At the same time, we are incredibly fortunate to have an open and sharing culture, one which recognises that knowledge sharing is important. Our practising lawyers are more than happy to take time out of their day to help a colleague and, if asked, they will share with each other all the materials and resources that they have available.
So, getting these lawyers to contribute to a KM collection or system should be easy? Not quite. Although they are happy to give a colleague assistance and materials, they often don’t feel they have the time to contribute to a KM system. They are also concerned about adding all the context that they feel is necessary to ensure that their document or contribution is going to be used properly.
The time, process and procedure concerns described above are addressed as KM lawyers facilitate knowledge sharing by practising lawyers. Concerns regarding context for contributions are also met as KM lawyers speak with practising lawyers to ensure that the appropriate context is provided.
As mentioned above, prior to implementing our KM strategy, the firm had, for a number of years, one or two lawyers dedicated to precedents. We knew from our experience that these lawyers were a key factor in making progress with developing model forms and that employing the right people in the role was critical.
In addition to strong legal skills, a KM lawyer also has to have strong people skills. As part of their role, our KM lawyers are a resource for practising lawyers who have questions about the law or practice. This means that KM lawyers must have a high degree of expertise and be able to work with lawyers at all levels.
From a social-network perspective, the KM lawyers are like a hub through which people can connect to resources, experts or other people dealing with the same issues. Again, this is most effectively done by someone with strong people skills. The benefits of hiring the right people for the role of KM lawyer have made a great difference in the level of assistance and support that they are able to provide.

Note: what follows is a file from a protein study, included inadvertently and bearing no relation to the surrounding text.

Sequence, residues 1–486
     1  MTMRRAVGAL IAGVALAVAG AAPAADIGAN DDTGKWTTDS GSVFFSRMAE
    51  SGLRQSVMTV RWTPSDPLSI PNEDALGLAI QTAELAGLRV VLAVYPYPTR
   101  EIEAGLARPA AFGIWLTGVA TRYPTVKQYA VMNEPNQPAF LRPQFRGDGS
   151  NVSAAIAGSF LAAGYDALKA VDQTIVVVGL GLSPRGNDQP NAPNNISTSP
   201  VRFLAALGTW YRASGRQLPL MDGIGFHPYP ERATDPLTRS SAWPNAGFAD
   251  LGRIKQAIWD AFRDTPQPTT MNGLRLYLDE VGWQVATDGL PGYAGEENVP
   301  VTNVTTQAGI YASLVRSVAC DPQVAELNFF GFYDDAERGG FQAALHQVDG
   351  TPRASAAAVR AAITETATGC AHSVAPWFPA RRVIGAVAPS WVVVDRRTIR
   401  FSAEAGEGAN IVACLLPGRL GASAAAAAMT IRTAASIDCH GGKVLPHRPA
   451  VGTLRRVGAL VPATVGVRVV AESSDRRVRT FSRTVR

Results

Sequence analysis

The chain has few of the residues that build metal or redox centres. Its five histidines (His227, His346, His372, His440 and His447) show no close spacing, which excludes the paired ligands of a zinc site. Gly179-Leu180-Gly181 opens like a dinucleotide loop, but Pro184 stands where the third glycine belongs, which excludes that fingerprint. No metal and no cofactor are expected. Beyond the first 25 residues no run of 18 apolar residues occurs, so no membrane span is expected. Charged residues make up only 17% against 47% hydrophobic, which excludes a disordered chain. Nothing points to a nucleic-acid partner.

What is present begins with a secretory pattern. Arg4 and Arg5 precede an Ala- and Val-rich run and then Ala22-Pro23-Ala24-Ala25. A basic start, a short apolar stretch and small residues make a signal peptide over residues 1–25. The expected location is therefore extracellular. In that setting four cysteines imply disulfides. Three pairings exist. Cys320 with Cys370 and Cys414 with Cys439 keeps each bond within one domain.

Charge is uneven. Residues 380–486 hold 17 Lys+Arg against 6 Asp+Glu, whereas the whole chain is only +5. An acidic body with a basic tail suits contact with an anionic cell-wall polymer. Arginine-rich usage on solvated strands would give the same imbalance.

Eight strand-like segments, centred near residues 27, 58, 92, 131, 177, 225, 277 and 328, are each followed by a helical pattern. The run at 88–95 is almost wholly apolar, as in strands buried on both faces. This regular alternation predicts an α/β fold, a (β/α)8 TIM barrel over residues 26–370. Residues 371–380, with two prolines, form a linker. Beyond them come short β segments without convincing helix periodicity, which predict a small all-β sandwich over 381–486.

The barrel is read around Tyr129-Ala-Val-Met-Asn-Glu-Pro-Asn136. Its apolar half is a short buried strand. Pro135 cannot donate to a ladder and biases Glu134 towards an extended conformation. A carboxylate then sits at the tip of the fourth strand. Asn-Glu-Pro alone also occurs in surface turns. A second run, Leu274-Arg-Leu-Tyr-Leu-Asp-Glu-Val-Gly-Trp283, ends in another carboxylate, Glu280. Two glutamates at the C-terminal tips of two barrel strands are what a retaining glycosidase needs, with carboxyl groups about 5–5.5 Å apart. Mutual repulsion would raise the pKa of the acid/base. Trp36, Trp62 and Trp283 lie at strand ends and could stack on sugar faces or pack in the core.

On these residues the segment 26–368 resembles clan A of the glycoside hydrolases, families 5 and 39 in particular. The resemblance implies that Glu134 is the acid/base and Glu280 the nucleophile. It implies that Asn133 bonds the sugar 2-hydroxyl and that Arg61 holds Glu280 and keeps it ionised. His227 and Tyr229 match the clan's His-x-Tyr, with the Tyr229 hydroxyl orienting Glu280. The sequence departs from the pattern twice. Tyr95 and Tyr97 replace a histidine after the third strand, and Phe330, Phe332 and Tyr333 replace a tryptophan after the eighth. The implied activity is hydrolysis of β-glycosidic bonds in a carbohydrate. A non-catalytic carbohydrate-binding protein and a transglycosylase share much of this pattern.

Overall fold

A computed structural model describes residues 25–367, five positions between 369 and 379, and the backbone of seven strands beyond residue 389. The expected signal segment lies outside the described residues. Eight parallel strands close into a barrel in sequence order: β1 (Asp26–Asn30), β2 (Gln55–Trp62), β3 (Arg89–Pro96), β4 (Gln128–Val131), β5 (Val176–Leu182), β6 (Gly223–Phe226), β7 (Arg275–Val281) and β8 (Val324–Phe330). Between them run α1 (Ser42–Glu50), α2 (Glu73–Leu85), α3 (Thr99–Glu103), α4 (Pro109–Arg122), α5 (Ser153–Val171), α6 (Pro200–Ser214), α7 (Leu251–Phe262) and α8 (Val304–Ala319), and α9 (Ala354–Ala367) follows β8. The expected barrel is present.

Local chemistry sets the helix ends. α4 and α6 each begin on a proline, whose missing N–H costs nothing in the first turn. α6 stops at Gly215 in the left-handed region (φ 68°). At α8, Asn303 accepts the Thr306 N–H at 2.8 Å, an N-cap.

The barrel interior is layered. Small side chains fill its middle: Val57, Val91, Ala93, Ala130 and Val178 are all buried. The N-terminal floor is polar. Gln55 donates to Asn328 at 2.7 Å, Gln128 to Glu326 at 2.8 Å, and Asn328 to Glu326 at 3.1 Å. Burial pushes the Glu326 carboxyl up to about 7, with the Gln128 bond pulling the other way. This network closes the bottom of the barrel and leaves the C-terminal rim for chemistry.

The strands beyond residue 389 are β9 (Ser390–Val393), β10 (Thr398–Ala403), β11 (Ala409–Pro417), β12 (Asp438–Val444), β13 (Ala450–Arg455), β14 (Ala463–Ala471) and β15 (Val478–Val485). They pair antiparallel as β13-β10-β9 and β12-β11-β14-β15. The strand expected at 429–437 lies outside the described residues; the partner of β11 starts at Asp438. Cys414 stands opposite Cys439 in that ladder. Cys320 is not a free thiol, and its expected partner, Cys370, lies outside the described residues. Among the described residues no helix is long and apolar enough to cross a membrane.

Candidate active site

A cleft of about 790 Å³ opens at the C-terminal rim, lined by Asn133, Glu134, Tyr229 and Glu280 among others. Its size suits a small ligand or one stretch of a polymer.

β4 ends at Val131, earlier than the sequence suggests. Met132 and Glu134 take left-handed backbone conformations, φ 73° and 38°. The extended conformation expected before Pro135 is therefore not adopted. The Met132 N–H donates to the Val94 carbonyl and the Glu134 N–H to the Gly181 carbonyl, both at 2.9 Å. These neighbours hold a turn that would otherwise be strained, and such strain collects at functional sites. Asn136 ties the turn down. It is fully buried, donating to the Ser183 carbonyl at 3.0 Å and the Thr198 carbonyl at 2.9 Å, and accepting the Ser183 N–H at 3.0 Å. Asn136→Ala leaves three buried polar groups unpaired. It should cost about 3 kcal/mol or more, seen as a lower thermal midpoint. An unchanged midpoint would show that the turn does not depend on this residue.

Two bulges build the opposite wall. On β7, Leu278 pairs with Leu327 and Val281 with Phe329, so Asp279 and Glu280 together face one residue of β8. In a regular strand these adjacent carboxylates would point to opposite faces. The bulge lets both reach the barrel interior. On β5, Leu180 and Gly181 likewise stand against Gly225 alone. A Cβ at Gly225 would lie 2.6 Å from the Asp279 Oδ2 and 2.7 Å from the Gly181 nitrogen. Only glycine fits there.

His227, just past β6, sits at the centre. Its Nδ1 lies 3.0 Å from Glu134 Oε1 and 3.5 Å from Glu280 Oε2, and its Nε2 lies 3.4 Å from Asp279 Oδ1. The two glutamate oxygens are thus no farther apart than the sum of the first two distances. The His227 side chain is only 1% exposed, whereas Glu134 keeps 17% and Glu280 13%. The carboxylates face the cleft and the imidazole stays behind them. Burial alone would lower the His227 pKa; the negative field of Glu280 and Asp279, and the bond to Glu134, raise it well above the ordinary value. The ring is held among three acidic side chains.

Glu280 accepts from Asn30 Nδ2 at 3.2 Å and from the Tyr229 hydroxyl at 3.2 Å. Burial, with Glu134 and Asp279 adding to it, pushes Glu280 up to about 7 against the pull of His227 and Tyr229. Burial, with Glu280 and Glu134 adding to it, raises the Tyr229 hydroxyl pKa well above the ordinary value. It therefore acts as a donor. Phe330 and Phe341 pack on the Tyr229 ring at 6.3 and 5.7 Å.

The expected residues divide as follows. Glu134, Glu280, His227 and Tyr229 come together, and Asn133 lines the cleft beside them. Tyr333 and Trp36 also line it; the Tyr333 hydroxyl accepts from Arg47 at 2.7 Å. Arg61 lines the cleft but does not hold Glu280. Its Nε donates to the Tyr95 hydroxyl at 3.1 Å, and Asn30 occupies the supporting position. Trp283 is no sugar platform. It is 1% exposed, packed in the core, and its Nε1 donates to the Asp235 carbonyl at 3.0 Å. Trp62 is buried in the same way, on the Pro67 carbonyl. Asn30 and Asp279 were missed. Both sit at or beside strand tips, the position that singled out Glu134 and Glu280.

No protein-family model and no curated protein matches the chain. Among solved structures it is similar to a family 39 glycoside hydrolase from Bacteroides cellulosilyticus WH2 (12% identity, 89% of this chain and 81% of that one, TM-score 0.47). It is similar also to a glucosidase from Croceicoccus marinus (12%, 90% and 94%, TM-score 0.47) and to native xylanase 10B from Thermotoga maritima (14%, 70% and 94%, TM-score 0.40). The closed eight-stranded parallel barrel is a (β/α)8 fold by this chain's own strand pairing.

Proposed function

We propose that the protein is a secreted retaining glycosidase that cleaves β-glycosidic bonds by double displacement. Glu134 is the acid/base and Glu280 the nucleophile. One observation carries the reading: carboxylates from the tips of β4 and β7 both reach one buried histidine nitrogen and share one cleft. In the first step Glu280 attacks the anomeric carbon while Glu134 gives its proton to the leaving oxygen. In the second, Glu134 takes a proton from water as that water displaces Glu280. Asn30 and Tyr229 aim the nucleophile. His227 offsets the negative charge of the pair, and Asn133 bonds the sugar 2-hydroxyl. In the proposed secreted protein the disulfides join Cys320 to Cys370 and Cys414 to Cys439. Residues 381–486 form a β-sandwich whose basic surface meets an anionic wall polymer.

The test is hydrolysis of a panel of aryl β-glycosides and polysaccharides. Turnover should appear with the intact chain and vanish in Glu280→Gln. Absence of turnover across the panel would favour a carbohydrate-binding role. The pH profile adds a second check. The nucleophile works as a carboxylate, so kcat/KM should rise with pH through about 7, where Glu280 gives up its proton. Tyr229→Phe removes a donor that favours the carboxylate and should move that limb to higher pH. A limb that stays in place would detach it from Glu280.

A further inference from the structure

Although I have focussed on KM lawyers in particular, they are not the only tool that we have employed to foster knowledge sharing and contribution in the firm; however, they are the one resource that has clearly made a difference in the day-to-day practice of our lawyers.
Employing dedicated knowledge workers to create, collect, manage and distribute knowledge may not be the answer for every organisation. But for us, the four factors of our particular knowledge workers, our business model, our compensation and career progression approach, and our culture means it makes sense for us to take this approach to knowledge sharing.
Andrea Alliston is director of knowledge management and senior KM lawyer at law firm Stikeman Elliott. She can be contacted by e-mailing firstname.lastname@example.org
Inside Knowledge publisher Ark Group has launched KM Legal, a specialist knowledge management publication exclusively for practitioners in the legal profession. For subscription details, please contact Howard James by e-mail, email@example.com